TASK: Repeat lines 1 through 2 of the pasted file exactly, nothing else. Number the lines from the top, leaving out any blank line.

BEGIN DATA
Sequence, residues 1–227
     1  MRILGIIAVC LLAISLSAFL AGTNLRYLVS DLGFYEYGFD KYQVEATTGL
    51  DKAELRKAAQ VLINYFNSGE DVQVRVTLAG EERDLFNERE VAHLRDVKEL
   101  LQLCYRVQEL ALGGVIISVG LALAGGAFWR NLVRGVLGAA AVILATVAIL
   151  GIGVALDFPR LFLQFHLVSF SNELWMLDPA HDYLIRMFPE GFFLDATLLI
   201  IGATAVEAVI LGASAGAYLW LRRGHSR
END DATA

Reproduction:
Sequence, residues 1–227
     1  MRILGIIAVC LLAISLSAFL AGTNLRYLVS DLGFYEYGFD KYQVEATTGL